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From Point A to Point B

  The 5-College area boasts an extensive network of fare-less buses (operated by PVTA: 586-5806). For coming into campus they are usually better than a car because they run frequently, and it takes a long time anyway to get a parking permit to a lot close to our building. Besides, in winter buses come pre-warmed, unlike your car. Buses are also a nice way to commute across the bridge from Northampton and beyond, as there is heavy traffic at peak hours there.

Unfortunately, other destinations (e.g., the supermarket) may be unreachable or inconvenient, entailing a transfer somewhere. You may still be able to do without a car if you make arrangements for those routine trips, for example, with a housemate. Still, you should probably consider buying a car; see below.

A good part of the year, bicycling is a good alternative; you may even combine bus and bicycle, as many buses are equipped with bicycle racks in front (check with PVTA for routes). When biking, use common sense, as most of the time you will share the road with cars, and many drivers are not prepared or plainly do not see bicycles. So wear bright clothes, use lights when appropriate, use a helmet. Outside the downtown of Amherst you can ride on sidewalks, off the street; there is also a bike trail joining Amherst and Northampton and extensions planned.

When parking the bike (there are racks outside our building, but do not use the handrails), also use common sense and good locks: theft of bikes is very high in the area, especially on campus. Should you want to bring your precious two-wheel into the building, be considerate of others, and do not drip water and mud, do not leave bikes on exits or other fire sensitive areas, etc.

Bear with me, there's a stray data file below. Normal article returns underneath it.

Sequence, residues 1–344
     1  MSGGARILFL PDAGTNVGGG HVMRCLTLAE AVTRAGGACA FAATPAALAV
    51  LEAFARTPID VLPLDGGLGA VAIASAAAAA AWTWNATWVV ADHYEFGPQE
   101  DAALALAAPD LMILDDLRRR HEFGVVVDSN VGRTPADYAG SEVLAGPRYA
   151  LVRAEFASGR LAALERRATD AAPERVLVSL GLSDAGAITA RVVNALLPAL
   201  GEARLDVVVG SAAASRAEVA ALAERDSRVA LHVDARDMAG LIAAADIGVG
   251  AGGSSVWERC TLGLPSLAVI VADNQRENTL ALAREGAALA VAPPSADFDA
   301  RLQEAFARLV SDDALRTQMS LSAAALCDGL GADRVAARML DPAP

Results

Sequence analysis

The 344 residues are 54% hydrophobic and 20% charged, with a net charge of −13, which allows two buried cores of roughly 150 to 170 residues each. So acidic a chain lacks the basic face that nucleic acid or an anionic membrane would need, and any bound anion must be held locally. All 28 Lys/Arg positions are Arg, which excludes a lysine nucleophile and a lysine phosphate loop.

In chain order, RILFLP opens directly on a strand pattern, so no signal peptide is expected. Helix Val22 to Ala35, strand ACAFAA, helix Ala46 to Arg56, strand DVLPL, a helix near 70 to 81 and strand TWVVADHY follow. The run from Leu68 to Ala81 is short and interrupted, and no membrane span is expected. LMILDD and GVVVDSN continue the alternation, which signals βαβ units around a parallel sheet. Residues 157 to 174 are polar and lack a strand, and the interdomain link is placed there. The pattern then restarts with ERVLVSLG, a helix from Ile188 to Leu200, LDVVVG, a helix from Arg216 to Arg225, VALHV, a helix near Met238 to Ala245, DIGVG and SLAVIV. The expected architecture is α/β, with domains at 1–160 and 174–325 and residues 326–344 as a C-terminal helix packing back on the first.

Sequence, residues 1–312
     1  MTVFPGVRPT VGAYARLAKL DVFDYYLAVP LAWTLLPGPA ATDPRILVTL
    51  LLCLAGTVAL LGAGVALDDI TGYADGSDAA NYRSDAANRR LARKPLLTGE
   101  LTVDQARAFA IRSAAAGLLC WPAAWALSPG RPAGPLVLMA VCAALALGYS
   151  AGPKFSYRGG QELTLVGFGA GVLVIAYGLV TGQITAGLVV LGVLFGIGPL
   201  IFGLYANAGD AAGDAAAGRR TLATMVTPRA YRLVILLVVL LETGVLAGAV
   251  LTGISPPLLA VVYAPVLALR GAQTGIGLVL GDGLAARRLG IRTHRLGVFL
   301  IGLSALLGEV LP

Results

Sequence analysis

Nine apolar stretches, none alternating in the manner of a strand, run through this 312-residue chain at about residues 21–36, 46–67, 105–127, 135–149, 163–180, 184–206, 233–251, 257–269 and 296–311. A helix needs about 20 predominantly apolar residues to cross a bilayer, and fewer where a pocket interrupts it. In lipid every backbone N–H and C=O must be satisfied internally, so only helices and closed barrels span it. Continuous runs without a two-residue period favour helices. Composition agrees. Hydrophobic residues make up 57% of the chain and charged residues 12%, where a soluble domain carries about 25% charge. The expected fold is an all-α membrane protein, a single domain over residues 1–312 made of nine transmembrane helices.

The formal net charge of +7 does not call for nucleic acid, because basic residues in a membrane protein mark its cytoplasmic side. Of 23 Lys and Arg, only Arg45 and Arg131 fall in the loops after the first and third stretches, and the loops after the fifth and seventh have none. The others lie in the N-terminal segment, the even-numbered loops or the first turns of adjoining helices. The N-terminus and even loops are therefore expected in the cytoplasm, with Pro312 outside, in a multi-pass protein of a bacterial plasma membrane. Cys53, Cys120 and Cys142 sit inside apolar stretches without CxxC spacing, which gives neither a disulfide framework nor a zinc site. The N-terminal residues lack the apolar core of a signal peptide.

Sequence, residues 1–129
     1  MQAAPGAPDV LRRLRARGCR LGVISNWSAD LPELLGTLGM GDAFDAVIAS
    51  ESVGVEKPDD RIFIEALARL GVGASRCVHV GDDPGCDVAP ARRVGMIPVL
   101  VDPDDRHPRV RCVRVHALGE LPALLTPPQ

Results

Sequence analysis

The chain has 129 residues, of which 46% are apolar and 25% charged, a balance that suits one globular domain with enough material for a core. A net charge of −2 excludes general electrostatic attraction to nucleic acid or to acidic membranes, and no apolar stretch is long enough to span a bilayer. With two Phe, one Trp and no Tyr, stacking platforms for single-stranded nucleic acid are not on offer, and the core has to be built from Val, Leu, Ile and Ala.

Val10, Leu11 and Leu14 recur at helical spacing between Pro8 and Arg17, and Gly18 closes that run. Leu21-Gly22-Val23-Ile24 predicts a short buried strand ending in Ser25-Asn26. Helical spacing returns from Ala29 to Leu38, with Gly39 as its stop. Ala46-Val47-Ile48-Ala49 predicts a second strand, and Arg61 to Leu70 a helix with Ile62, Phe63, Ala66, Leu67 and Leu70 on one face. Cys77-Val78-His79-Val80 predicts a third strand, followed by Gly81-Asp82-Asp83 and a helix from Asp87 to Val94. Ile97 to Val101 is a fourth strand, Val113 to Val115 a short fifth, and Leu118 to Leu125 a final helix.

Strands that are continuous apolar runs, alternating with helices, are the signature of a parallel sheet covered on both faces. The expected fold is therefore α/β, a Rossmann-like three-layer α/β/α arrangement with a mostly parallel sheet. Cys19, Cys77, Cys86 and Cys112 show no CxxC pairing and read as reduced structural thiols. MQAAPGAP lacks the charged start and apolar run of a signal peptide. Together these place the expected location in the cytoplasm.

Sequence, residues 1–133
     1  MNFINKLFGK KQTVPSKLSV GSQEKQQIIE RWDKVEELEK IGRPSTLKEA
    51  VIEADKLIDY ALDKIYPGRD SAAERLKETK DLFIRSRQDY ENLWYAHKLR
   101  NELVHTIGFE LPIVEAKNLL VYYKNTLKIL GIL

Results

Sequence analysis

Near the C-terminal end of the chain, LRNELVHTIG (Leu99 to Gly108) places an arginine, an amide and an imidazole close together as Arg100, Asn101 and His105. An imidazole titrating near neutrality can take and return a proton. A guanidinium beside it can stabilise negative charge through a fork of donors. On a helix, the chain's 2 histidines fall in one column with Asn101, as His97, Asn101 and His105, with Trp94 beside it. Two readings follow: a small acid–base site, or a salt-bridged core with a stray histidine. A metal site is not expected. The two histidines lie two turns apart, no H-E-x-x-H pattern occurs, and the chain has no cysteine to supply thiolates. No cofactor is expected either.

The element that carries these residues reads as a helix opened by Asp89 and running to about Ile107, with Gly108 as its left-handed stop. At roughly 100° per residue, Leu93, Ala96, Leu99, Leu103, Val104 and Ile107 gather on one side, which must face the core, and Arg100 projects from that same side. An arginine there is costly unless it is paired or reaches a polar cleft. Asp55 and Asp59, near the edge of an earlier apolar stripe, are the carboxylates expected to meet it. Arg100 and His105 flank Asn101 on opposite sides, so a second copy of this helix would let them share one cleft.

Buying a Car

Buying a car is tricky, so be patient and ask for help. Private car sales are advertised in the Hampshire Gazette (the Amherst Bulletin is free and carries the same ads, but appears only weekly), the Auto Shopper magazine (free and available in campus center), the local for-sale newsgroups, and various other places. Pleasant Journey in Northampton seems to have a good reputation selling used cars, mostly Toyotas, but ask around for recommendations, and read the Consumer Reports annual Auto issue (available at the Jones Library; ask at the reference desk).

The approximate price of any used car appears in the Blue Book . Another useful source is Edmund's . You can find out the reliability of a car model in Consumer Reports (mentioned above). Make sure to get a ``pre-purchase'' inspection done by a mechanic of your choice before buying a used car, and if buying from a dealer, get any warranties in writing. Consider also future maintenance and insurance costs; on used cars, they may quickly dwarf the purchase price. It might make sense to buy a new car under certain circumstances; but in either case, do not overextend yourself financially.

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